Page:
James Holmes and The Dark Knight Massacre: What Motivates Mass Murder?


The Batman inspired movie theater massacre perpetrated by James Holmes is the latest incident of mass murder to rock U.S. society.  In some ways, Holmes is very typical of other mass murderers, and in some ways he definitely is not.  As a criminologist who studies the minds of killers, I offer my initial insights into the twisted “Joker” James Holmes.

Dr. Scott Bonn’s recent appearance on Crime Wire discussing the Colorado shooter, James Holmes: CLICK HERE

Holmes’ killing rampage on opening night of the film The Dark Knight Rises was a signature example of mass murder in terms of its design and execution.  Mass murder is a one-time event that involves the killing of multiple people at one location.  In a mass murder, the victims may be either randomly selected or targeted for a specific reason, such as retaliation, by the killer.  A mass murder normally occurs when the perpetrator, who is often deeply troubled, suffers a psychotic break from reality and strikes out at his/her perceived tormentors in a blitz-like attack.  James Holmes certainly fits that profile.

However, mass murderers are frequently, but not always, killed at the scene of the crime. This is where James Holmes is an aberration among mass murderers.  Typically, mass murderers are either shot by law enforcement officers called to the crime scene or they take their own lives in a final act of suicide.  From a psychological standpoint, mass murder is a premeditated act of vengeance against society by a desperate and fatalistic individual who typically has no intention of going away quietly.

The classic, tragic example of mass murder in recent years is the Virginia Tech massacre—a catastrophic school shooting—which took place on April 16, 2007, on the campus of Virginia Polytechnic Institute in Blacksburg, Virginia.  In this terrible event, a very troubled student named Seung-Hui Cho shot and killed 32 people and wounded 17 others in two separate blitz attacks which occurred approximately two hours apart on the Virginia Tech campus.  Cho ended his murderous rampage by turning his gun on himself and committing suicide.  In addition to the 17 wounded, another six people were injured while escaping from classroom windows during the attacks.  The Virginia Tech massacre is the deadliest shooting incident by a single gunman in U.S. history.

It is apparent that James Holmes is very different from the late Seung-Hui Cho. Holmes does not appear to be fatalistic and he clearly did not want to die at the scene of his carnage.  In fact, I suspect that he is actually enjoying his new-found infamy.  When he surrendered to law enforcement officials, Holmes reportedly said, “I am the Joker.”  If you recall, in the film The Dark Knight, the late Heath Ledger as the Joker said, “I am an agent of chaos.”

Although it is possible that Holmes is faking his bizarre jailhouse and courtroom behavior since being apprehended, it is unlikely.  He would have to be an incredible actor.  On the contrary, I believe that he did suffer a psychotic break from reality—albeit in the form of a slow unraveling—in the months leading up to his rampage.  We know that his performance in the neuroscience graduate program at the University of Colorado was in decline prior to dropping out completely in June.  Moreover, he was being treated by a psychiatrist.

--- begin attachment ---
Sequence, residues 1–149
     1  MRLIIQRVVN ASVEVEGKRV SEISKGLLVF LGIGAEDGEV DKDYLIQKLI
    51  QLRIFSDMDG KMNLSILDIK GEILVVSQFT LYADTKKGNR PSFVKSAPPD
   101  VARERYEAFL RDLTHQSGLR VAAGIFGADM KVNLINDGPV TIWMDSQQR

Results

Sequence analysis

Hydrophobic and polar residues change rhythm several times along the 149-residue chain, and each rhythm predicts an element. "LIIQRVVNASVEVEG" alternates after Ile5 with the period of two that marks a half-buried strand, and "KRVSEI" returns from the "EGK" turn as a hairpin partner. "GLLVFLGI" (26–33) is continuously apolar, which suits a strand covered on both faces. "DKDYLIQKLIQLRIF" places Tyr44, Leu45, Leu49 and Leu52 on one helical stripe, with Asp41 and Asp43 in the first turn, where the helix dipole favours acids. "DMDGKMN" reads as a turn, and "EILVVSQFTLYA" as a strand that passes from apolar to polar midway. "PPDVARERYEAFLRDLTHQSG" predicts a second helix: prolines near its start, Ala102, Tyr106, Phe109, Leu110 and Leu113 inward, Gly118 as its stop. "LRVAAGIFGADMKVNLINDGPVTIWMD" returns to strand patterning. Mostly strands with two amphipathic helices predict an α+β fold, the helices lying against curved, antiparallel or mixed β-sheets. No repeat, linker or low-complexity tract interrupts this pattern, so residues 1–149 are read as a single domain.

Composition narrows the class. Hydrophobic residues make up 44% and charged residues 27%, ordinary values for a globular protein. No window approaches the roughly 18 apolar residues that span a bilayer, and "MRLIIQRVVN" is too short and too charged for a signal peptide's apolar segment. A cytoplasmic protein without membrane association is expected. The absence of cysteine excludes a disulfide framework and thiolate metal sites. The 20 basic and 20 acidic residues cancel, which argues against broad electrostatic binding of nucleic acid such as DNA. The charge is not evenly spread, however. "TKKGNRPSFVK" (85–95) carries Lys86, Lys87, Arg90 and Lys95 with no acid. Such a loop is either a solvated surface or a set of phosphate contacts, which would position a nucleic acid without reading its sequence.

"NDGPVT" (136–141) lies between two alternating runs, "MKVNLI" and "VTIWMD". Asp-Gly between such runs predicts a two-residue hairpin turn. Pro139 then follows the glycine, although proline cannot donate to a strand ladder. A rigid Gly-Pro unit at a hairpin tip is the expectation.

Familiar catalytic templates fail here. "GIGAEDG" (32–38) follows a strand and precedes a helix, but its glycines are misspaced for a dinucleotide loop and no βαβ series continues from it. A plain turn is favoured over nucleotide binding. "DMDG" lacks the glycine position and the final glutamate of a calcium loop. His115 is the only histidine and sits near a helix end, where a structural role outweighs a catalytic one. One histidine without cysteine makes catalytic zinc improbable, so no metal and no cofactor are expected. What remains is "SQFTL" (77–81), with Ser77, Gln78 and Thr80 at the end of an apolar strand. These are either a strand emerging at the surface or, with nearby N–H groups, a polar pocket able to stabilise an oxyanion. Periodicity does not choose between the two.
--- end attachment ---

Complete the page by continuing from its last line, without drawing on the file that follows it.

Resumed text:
I believe that just like the Joker in The Dark Knight, James Holmes fancies himself an agent of chaos.  In custody, he is reportedly defiant and unremorseful.  I believe that Holmes was motivated to kill by a grandiose belief that society does not appreciate his self perceived genius.  He most likely became enraged when the University of Colorado downgraded his performance.       Consumed by resentment, he became determined to exercise his vengeance on society.  His selection of the Joker as his public persona indicates both paranoia and profound narcissism on his part.  Holmes felt unappreciated by the world and was determined to leave an indelible impression on the public consciousness.

It appears that the public will indeed be exposed to James Holmes for some time to come—fortunately in prison shackles.  Whether or not he will be deemed mentally competent to stand trial is yet to be determined.  One thing is certain, however.  His days of striking fear in society are over because this terribly disturbed and ruthless killer will never, ever walk freely again.

Dr. Scott Bonn is Professor of Sociology and Criminology at Drew University in Madison, NJ.  He is the author of the critically acclaimed book “Mass Deception: Moral Panic and the U.S. War on Iraq”and is currently writing a book about the public’s fascination with psychopathic serial killers in reality and fiction. He is @DocBonn on Twitter.


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Posted on August 2, 2012, in In the News and tagged , , , , , , , , . Bookmark the permalink. 1 Comment.

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